The tropical storm, far less intense than feared, brushed past the Northeast and dumped heavy, wind-driven rain on Cape Cod cottages and fishing villages, but caused little damage.
It left clear, blue skies in its wake. It was the perfect start to a Labor Day weekend that Cape Cod's restaurants and hotels hoped to salvage after business was decimated ahead of the storm.
"This traditionally for us is a sellout weekend," said Voula Nikolakopoulos, one of the owners of Tidewater Inn in West Yarmouth, where business was down 80 percent. "I understand that we have to be careful, but I think all this hype was premature."
Massachusetts suffered a few hundred power outages, a handful of downed power lines and isolated flooding. Maine saw rain and churning surf, but no gusts strong enough to produce damage.
After skimming past both North Carolina and Massachusetts, Earl finally made landfall Saturday morning near Western Head, Nova Scotia.
The storm brought heavy sheets of rain and swift gusts, toppling some trees and knocking out power to more than 200,000 customers in Nova Scotia. There were numerous flight and ferry cancellations. Police said the road to the popular Peggy's Cove tourist site near Halifax was closed to keep curious storm-watchers away from the dangerous, pounding surf.
As of 2 p.m. EDT, Earl's center was crossing the Northhumberland Strait, north of mainland Nova Scotia and was moving northeast at 45 mph. The Canadian Hurricane Center issued a hurricane watch for parts of Nova Scotia.
Earl had swooped into New England waters Friday night as a tropical storm with winds of 70 mph after sideswiping North Carolina's Outer Banks, where it caused flooding but no injuries and little damage. The rain it brought to Cape Cod, Nantucket Island and Martha's Vineyard was more typical of the nor'easters that residents have been dealing with for generations.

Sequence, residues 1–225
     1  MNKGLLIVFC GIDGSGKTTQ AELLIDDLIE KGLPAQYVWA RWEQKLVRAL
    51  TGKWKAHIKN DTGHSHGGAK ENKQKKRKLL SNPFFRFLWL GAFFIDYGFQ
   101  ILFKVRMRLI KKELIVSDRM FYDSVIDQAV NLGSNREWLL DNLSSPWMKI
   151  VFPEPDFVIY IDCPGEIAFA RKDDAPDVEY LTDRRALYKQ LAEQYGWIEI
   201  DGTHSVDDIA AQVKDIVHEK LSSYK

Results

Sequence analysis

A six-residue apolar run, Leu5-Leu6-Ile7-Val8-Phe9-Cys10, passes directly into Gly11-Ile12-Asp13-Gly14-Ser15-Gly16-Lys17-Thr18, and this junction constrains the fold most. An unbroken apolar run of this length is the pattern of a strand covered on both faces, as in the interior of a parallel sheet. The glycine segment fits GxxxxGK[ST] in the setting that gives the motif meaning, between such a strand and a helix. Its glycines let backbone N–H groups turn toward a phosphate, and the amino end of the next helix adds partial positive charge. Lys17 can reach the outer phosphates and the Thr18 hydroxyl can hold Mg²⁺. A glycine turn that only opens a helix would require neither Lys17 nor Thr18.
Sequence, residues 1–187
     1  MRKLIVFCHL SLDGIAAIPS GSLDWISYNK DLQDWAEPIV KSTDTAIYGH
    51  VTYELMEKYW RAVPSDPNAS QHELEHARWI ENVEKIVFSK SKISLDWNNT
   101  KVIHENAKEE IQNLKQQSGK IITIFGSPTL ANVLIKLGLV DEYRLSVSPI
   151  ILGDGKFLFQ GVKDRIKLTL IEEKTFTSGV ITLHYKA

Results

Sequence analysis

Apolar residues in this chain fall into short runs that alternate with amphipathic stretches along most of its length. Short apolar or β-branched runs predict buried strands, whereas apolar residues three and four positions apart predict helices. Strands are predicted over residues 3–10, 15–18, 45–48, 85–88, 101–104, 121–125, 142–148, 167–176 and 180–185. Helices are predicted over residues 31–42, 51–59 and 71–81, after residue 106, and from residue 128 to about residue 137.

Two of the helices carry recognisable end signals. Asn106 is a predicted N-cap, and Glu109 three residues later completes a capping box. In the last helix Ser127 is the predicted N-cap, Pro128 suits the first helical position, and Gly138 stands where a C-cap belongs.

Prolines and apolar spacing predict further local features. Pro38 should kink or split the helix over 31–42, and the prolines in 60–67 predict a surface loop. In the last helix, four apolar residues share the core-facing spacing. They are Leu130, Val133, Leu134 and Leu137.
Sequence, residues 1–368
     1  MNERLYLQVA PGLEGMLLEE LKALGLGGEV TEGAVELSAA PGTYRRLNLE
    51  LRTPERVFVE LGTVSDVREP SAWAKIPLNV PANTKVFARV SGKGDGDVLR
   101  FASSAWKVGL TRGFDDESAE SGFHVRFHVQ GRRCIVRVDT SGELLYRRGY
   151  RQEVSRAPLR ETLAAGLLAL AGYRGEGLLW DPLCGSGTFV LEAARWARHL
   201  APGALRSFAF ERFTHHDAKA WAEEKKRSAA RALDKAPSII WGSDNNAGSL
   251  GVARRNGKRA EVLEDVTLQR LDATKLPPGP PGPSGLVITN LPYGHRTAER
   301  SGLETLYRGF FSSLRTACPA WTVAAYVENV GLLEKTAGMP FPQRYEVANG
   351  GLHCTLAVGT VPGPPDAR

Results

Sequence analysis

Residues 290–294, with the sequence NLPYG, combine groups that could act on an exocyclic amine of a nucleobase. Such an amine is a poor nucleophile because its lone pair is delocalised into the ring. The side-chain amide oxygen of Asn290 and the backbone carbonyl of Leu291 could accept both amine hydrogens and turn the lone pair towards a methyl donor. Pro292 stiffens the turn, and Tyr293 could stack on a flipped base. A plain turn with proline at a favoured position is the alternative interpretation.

Winds on Nantucket blew at around 30 mph, with gusts above 40 mph. The island got more than 2 inches of rain, while adjacent Martha's Vineyard got more than 4 inches. Hyannis, home to Kennedy compound, got about 4.5 inches.
Peter Judge, spokesman for the Massachusetts Emergency Management Agency, said the damage was so minimal that the agency didn't send out assessment teams as planned Saturday.
"There's nothing to assess at this point," he said. "It wasn't even a really bad rainstorm."
Worries about Earl had altered holiday weekend plans up and down the East Coast.
Boaters pulled their vessels from the water, shopkeepers boarded up their windows and vacationers canceled reservations. Some hoteliers reported that business was way off.
Nikolakopoulos said her hotel was at 100 percent occupancy last year on Labor Day weekend. On Friday night, it was at about 20 percent. She was hoping to recapture some of lost business with a storm special that cut rates from an average of about $130 to an average of $85.
Kishor Patel, owner of the Super 8 in West Yarmouth, said a number of people who had two-day reservations canceled when word of Earl started to spread. Business was down 60 to 70 percent, he said.
"I'm hoping that it will pick up now that it is sunny and everything seems to be OK," he said.
Alix Foster, 34, of Clifton, N.J., said she and a friend decided to stay in a hotel on the mainland on Friday night instead of going onto Cape Cod as planned. The two opted to continue their planned vacation after seeing news reports that the weekend would be sunny and nice.
"The weather wasn't all that bad last night, but we didn't want to be stupid," Foster said. "I'm glad we kept our plans."
Massachusetts officials were hopeful that last-minute vacationers would make up for the cancellations. Gov. Deval Patrick walked around Chatham on Saturday morning, proclaiming, "The sun is out and the Cape is open for business."
Earl, once a fearsome Category 4 with 145 mph winds, did kick up dangerous riptides up and down the coast. Officials warned that rip currents would continue to be a concern over the weekend. With offshore seas up to 20 feet, beaches would continue to see big waves that could knock people off jetties or piers, officials warned.
The storm buzzed past the eastern edge of Maine on Saturday morning. There were no reports of storm damage and very little for storm watchers to see.
Bruce and Amy Hodgdon drove to the nation's eastern tip in Lubec, Maine, hoping to see dramatic surf pounding the rocks near the candy-striped West Quoddy Head lighthouse. Once there, they didn't bother to get out of their van.
"Pretty mild," Bruce Hodgdon said.
"Business as usual," Amy Hodgdon added.
Associated Press writers Rob Gillies in Halifax, Nova Scotia; David Sharp in Lubec, Maine; and Jay Lindsay and Rodrique Ngowi in Boston contributed to this report.